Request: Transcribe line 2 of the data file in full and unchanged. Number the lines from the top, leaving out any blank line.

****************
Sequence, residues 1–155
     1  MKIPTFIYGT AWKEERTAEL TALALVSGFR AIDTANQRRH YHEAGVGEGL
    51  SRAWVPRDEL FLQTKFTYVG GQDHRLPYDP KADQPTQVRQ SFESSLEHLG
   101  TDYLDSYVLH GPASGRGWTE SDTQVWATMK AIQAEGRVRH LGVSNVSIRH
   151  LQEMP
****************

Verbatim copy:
     1  MKIPTFIYGT AWKEERTAEL TALALVSGFR AIDTANQRRH YHEAGVGEGL